Break a bad habit: Ingrained vs. engrained

Among the many words we mishear (or perhaps hear “mispronounced”) is ingrain and ingrained. Because of this, many spell it engrain and engrained.

Ingrain means to impress deeply while ingrained means impressed deeply, as in The habit had been long ingrained in Aunt Dawn’s morning ritual.

Because engrain/engrained are increasingly used, many dictionaries now list it as acceptable variants. Still, their use is rarer than ingrain/ingrained.

Bottom line: Go with ingrain/ingrained until it becomes the rarely used variant of engrain/engrained.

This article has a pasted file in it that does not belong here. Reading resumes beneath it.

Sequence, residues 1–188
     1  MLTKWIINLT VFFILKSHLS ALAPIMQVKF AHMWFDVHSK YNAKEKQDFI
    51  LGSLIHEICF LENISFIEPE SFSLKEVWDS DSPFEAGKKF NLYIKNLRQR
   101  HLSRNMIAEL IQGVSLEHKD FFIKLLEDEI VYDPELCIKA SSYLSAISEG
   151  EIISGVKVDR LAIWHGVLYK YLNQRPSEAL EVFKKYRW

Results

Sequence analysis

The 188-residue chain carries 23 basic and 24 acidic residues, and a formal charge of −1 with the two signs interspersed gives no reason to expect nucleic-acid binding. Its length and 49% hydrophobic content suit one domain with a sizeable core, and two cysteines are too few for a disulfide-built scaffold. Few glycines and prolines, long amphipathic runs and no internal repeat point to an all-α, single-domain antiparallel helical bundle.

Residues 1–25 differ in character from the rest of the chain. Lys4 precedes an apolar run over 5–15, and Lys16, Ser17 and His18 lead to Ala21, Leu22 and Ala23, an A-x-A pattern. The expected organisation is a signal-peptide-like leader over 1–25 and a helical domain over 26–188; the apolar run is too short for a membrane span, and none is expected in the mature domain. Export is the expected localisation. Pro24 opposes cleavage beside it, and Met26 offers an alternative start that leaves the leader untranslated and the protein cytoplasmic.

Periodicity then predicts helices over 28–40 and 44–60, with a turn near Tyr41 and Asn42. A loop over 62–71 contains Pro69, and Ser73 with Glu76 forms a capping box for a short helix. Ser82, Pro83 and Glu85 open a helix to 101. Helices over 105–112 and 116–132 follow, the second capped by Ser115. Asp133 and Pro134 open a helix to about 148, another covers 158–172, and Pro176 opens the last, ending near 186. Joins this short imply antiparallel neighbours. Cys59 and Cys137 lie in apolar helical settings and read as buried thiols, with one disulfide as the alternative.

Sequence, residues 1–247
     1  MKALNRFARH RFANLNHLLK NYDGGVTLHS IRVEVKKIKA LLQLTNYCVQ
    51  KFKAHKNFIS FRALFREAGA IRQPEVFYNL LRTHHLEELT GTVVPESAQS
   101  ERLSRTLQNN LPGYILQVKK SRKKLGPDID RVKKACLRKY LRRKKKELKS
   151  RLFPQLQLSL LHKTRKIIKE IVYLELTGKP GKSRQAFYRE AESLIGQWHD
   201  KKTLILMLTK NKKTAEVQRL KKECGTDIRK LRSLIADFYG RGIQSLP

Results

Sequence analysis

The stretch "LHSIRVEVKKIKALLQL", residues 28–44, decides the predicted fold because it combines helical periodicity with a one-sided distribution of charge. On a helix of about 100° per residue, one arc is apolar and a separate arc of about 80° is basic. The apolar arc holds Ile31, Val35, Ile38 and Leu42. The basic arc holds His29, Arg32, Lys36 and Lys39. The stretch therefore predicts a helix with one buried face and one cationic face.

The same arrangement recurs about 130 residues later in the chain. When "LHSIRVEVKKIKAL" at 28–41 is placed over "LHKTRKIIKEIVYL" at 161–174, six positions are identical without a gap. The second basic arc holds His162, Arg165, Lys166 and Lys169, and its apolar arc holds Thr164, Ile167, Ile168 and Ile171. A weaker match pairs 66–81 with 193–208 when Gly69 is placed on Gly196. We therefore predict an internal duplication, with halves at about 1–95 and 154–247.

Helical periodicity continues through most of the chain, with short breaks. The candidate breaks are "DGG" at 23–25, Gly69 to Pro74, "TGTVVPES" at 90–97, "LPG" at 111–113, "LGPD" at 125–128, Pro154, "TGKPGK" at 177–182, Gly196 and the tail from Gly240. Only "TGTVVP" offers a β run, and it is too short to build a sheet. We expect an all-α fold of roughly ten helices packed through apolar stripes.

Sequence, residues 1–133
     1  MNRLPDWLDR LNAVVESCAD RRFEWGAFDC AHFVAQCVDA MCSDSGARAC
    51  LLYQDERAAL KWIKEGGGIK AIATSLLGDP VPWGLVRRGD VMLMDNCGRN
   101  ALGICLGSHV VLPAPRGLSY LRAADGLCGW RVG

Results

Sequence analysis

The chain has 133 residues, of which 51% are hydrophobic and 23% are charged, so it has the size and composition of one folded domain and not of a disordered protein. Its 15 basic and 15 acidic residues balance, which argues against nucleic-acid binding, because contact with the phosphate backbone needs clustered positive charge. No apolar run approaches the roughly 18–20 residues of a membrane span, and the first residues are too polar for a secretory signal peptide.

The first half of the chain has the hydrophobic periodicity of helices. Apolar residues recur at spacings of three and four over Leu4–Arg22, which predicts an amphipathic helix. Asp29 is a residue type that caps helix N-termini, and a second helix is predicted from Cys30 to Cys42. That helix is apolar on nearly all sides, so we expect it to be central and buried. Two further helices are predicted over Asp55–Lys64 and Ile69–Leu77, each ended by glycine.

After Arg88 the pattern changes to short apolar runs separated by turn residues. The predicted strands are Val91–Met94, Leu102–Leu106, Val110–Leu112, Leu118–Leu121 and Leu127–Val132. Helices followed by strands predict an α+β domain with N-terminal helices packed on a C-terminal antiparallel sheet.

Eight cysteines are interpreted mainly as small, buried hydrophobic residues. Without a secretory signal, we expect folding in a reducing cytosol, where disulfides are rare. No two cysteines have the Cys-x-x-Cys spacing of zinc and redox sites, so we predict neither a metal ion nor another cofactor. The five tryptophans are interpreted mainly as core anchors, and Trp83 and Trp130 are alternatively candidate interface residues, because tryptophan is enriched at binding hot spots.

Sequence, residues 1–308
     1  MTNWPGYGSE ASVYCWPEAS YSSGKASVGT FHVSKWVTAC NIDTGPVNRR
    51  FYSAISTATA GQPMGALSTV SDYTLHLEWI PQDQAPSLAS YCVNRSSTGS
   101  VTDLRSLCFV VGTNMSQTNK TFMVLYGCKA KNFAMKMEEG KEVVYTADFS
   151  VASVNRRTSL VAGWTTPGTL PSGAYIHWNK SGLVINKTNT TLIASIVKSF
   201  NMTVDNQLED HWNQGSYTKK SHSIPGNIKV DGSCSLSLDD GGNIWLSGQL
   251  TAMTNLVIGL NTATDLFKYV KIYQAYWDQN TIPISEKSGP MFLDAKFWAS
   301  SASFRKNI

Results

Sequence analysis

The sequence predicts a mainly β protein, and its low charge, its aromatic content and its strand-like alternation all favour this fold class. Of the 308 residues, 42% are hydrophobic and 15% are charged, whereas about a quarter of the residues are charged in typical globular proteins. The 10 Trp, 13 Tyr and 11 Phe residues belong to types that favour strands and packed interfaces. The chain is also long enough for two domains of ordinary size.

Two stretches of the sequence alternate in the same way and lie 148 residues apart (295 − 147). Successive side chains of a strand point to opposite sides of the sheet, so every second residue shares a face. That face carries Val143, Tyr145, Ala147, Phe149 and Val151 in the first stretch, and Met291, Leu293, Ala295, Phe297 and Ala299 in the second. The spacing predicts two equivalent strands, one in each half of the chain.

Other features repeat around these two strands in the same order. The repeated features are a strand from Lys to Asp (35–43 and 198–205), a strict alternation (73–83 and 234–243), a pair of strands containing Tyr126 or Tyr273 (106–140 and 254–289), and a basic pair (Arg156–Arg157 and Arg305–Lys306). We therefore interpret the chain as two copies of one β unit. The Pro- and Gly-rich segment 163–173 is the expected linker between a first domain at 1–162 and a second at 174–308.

My name is Rob Bignell. I’m an affordable, professional editor who runs Inventing Reality Editing Service, which meets the manuscript needs of writers both new and published. I also offer a variety of self-publishing services. During the past decade, I’ve helped more than 300 novelists and nonfiction authors obtain their publishing dreams at reasonable prices. I’m also the author of the 7 Minutes a Day… writing guidebooks, four nonfiction hiking guidebook series, and the literary novel Windmill. Several of my short stories in the literary and science fiction genres also have been published.